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dc.contributor.authorGynn, Jamie-Lee
dc.date.accessioned2018-12-04T15:34:22Z
dc.date.available2018-12-04T15:34:22Z
dc.date.issued2018
dc.identifier.citationEur J Oncol Nurs. 2018 Dec;37:12-18. doi: 10.1016/j.ejon.2018.10.001. Epub 2018 Oct 21.en
dc.identifier.urihttps://orda.derbyhospitals.nhs.uk/handle/123456789/1703
dc.description.abstractPurpose The primary aim of this study was to examine the value of temperature as a diagnostic and prognostic indicator of infection and sepsis in neutropenic patients. A secondary aim was to gain insight into the presenting symptoms reported by these patients at home or on their initial admission assessment. Methods A cohort study was carried out using a case note review of 220 emergency admissions to a regional cancer centre. All participants were neutropenic and were diagnosed with infection on admission. The main outcome measures were relationships between Early Warning Scores and temperature values at home, on admission and during the hospital stay. Results 22% of patients who became acutely unwell did not have a fever. Pearson correlations showed only small associations between highest temperature value at any time point and highest early warning scores (r(202) = 0.176, P = .012). Temperature at home (B = 0.156, P = .336) and temperature on admission (B = 0.200, P = .052) did not predict highest Early Warning Scores. Conclusions Body temperature is not a consistently reliable diagnostic or prognostic indicator for outcomes in patients with neutropenia and symptoms of infection. It can assist with early presentation and recognition of infection in many neutropenic patients. However, over-reliance on temperature risks missing the opportunity for early detection and treatment.en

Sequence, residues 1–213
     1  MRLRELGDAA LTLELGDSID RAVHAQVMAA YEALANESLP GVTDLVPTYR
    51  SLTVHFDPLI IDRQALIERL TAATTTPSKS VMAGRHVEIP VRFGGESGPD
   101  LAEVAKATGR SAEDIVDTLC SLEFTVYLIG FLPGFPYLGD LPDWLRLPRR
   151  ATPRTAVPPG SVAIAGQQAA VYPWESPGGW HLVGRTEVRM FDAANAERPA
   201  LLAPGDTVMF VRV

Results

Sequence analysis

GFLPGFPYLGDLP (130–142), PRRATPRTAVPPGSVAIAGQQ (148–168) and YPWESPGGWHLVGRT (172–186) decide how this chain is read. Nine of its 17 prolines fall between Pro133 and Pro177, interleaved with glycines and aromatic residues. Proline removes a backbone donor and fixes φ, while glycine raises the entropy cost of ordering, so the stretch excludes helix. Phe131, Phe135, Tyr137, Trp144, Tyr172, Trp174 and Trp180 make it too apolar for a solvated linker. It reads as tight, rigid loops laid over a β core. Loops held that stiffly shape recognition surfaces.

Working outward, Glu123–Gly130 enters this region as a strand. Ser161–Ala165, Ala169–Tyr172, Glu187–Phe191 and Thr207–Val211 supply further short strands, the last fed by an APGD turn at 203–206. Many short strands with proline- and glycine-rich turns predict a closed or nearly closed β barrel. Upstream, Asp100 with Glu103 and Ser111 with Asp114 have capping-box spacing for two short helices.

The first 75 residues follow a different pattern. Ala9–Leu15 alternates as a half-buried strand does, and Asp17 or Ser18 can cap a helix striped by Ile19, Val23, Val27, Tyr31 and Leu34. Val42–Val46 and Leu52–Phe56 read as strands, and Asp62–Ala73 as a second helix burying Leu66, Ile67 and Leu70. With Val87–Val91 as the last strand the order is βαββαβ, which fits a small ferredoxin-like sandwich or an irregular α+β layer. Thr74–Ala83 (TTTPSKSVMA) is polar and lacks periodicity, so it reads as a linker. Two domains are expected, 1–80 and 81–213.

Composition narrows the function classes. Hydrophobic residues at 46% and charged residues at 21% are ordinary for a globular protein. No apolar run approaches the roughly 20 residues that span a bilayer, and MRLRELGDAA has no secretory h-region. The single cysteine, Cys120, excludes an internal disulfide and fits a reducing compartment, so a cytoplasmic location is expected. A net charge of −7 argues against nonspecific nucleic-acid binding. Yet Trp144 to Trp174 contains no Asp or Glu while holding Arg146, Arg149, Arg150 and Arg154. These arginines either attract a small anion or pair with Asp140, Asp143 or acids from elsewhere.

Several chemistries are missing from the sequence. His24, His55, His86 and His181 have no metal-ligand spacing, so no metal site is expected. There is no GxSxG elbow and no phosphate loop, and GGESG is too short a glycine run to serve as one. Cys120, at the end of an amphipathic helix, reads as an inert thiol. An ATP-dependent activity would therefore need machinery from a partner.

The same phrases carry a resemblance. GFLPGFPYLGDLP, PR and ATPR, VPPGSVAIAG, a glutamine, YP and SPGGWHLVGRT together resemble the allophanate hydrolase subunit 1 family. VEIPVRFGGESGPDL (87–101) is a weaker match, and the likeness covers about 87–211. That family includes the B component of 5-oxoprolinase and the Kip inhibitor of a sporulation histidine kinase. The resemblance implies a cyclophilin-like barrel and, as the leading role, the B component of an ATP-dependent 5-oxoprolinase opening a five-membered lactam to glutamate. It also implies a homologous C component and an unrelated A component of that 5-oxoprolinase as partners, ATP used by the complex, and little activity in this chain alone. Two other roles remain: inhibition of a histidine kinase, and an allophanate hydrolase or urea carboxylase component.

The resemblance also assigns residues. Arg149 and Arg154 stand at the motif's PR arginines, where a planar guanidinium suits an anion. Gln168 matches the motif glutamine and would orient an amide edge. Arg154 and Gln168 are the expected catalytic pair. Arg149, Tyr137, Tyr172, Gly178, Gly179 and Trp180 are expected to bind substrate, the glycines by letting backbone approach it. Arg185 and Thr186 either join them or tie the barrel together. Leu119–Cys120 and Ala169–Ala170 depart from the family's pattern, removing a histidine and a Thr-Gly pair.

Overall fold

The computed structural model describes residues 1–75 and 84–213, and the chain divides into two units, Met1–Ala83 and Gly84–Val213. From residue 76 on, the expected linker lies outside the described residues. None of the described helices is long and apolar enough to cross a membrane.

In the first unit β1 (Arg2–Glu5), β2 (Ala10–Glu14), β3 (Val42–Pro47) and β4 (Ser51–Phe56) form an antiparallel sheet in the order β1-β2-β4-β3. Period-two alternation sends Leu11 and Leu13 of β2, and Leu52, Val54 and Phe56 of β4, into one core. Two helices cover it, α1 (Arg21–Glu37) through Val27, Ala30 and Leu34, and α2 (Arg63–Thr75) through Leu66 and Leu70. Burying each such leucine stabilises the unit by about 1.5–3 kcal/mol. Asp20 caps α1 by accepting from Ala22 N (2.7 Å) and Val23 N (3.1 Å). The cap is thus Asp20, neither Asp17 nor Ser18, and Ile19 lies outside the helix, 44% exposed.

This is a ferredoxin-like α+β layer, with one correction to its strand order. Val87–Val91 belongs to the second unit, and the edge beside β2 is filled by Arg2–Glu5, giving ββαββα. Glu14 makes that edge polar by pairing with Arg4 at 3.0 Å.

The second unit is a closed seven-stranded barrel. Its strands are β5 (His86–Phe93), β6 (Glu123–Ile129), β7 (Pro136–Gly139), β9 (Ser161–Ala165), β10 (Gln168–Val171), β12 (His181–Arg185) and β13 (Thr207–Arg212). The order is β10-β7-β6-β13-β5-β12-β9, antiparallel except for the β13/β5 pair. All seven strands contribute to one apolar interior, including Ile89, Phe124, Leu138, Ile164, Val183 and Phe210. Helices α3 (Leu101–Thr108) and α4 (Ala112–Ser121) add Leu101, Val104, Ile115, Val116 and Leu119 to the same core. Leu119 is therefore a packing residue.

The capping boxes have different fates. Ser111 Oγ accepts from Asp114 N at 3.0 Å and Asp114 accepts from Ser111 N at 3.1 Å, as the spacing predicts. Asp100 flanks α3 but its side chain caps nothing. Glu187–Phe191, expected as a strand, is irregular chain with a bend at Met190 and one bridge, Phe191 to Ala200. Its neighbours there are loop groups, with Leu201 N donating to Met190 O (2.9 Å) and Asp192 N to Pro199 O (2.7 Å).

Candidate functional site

dc.language.isoenen
dc.subjectNeutropenia; Neutropenic sepsis; Infection; Chemotherapy; Temperatureen
dc.titleThe role of temperature in the detection and diagnosis of neutropenic sepsis in adult solid tumour cancer patients receiving chemotherapyen
dc.typeArticleen


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